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Enterprise IM Vendors Start to Play Nice
February 27, 2006
Instant messaging is a compliance nightmare for securities firms.
When people pick their own screen names, it is hard to tell who's sending the messages. It's almost impossible to figure out who's receiving them. Archiving and monitoring messages requires third-party solutions from specialized vendors like IMLogic of Waltham, Mass., which was recently acquired by Cupertino, Calif.-based Symantec Corp., and Facetime Communications of Foster City, Calif.
As if that wasn't enough, IM products from different vendors haven't always talked to each other. But that problem, at least, seems to be fading away. IBM is the latest of the major enterprise IM vendors to integrate interoperability into its product.
Sometime this summer, users of the latest version of IBM's Lotus Sametime will be able to connect to users of public IM networks such as AOL IM and ICQ, Apple Computer's iChat, Yahoo IM and Google Talk (see announcement). Since Sametime is an enterprise IM product, users will be able to maintain their corporate identity. This means that their screen name would be something like Bob.Smith@broker.com rather than HotBob1234.
This takes care of one side of the identity problem. On the other side, companies will be able to get identity information on the folks on the other end of IM conversations through a federated system, which is a hub for passing messages back and forth, channeled through AOL's IM clearinghouse, explained Adam Gartenberg, IBM's offering manager for real-time and team collaboration at Lotus Software.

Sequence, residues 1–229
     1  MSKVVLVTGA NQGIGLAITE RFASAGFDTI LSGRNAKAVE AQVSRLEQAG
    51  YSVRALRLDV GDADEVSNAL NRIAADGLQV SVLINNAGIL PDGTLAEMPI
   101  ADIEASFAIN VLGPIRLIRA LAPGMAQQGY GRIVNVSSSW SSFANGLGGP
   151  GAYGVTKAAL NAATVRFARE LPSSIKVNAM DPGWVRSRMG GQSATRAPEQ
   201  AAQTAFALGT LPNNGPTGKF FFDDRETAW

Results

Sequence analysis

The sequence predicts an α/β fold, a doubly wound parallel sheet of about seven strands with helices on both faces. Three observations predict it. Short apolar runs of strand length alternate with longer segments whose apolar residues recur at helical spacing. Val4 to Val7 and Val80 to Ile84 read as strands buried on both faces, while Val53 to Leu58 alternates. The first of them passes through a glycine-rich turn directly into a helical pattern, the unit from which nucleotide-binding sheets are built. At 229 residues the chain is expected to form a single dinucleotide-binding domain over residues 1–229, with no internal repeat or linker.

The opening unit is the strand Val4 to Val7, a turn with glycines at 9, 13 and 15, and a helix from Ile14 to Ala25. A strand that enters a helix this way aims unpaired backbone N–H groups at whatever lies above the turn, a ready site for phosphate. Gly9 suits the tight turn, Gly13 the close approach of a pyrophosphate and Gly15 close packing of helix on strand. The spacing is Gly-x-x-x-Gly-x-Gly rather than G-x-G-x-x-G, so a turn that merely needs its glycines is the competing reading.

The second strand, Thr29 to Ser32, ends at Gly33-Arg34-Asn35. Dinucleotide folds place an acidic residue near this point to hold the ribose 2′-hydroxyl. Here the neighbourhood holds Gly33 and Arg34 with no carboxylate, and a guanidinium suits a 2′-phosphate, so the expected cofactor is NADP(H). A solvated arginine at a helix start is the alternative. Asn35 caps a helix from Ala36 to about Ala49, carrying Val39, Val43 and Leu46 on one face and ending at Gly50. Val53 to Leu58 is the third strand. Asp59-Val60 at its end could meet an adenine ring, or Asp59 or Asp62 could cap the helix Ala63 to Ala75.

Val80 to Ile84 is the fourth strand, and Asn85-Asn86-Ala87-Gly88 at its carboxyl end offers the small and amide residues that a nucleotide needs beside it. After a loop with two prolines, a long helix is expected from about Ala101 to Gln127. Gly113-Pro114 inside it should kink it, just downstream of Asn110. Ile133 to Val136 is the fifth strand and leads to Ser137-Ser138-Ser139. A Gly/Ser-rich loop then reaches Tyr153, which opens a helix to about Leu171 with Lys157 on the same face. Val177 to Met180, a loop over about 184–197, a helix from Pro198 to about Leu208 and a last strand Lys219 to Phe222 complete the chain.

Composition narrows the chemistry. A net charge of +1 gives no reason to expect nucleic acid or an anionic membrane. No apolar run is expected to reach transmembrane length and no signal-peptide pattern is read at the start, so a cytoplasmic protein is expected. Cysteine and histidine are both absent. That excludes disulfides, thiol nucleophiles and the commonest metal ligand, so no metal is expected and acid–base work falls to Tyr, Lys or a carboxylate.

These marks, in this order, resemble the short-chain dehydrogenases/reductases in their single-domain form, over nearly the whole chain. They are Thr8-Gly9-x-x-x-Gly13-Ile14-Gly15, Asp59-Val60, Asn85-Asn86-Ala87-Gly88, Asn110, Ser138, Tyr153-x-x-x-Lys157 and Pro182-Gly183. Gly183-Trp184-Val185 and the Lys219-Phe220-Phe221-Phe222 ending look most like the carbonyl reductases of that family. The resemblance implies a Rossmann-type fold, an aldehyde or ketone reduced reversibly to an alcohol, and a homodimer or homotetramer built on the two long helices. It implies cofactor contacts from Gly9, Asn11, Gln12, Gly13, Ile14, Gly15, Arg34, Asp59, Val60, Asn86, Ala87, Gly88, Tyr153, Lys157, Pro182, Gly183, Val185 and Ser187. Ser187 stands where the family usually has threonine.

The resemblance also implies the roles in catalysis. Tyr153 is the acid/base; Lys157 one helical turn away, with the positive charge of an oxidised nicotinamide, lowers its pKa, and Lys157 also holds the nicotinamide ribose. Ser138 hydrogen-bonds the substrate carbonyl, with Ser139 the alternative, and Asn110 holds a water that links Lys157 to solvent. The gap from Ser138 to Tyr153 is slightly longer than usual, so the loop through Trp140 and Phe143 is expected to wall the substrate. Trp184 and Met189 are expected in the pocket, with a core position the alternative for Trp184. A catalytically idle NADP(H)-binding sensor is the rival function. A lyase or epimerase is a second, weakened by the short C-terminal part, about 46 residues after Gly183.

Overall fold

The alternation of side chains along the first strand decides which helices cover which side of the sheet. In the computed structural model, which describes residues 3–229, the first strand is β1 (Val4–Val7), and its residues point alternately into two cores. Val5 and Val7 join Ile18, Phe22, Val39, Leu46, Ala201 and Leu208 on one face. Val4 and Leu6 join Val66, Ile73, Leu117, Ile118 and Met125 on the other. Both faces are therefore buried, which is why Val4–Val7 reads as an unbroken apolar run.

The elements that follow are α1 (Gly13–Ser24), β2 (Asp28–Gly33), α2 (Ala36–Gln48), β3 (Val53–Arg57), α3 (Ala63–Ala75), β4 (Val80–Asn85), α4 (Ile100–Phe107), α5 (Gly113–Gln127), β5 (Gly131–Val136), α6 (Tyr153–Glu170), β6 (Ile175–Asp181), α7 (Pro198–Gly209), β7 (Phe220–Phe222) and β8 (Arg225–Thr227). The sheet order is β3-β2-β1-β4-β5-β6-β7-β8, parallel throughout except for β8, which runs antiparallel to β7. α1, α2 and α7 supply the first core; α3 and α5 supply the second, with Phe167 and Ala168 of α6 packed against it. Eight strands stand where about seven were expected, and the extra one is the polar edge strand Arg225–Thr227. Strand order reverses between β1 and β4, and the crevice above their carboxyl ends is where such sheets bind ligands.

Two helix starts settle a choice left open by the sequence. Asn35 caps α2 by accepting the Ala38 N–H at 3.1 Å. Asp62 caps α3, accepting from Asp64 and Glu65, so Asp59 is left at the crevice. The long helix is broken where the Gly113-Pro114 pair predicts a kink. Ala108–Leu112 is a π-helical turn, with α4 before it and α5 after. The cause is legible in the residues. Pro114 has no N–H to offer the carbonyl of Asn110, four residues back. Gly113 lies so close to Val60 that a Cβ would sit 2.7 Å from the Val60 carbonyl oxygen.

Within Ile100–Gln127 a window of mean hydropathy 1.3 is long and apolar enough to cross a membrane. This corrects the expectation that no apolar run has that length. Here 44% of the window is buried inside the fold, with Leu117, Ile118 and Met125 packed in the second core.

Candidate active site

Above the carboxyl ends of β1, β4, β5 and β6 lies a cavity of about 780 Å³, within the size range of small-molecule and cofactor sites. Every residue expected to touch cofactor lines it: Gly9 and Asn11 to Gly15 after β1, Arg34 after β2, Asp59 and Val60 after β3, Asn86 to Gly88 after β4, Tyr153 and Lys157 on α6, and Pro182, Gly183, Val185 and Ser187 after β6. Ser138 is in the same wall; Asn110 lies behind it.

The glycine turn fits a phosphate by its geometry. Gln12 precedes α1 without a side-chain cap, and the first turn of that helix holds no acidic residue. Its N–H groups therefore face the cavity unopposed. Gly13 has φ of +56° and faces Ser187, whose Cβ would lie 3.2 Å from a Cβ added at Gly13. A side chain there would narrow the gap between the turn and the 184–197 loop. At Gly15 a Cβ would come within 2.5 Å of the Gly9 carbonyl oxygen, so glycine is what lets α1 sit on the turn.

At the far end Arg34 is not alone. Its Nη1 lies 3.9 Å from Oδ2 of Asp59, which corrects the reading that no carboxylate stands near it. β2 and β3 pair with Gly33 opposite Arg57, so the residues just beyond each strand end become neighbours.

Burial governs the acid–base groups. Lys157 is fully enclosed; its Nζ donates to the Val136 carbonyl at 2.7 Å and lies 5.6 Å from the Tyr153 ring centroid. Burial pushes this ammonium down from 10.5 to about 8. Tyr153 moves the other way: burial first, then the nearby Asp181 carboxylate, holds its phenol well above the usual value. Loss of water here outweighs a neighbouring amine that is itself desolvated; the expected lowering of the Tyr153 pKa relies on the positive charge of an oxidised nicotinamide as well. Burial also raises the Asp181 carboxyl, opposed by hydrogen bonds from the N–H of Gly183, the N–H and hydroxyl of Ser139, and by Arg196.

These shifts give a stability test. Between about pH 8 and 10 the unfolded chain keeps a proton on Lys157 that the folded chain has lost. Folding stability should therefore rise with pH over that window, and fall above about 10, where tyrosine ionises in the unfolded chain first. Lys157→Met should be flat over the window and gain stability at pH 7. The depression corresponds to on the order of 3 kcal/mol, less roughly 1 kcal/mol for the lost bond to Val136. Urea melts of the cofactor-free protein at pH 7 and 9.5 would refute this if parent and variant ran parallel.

After testing the product last spring, AOL launched the clearinghouse this year. Said Gartenberg, "It allows companies to have a centralized way to route IM messages to other IM users, rather than setting up direct connections to every company we want to talk to."
Currently, a limited degree of interoperability is available. For example, Sametime users can access AOL IM, but they have to log in a second time and must maintain a separate AOL IM identity.
Late last year, Reuters, which supplies a popular enterprise IM product to Wall Street firms, announced connections to Microsoft Corp.'s MSN Messenger and AOL IM (see announcement).
However, connecting disparate IM systems isn't as simple as connecting distinct e-mail platforms. While e-mail vendors settled on standards for messages years ago, IM vendors use different protocols. For example, Microsoft and Reuters use the Microsoft Office Live Communication Server technology, but IBM and Yahoo use an alternative protocol, SIP/Simple. AOL uses a proprietary system, and Google recently adopted yet another standard, XMPP.
The standards also provide presence information, letting a user's "buddies" know whether the user is logged in at a computer or away from it. This adds extra complexity when developing common standards.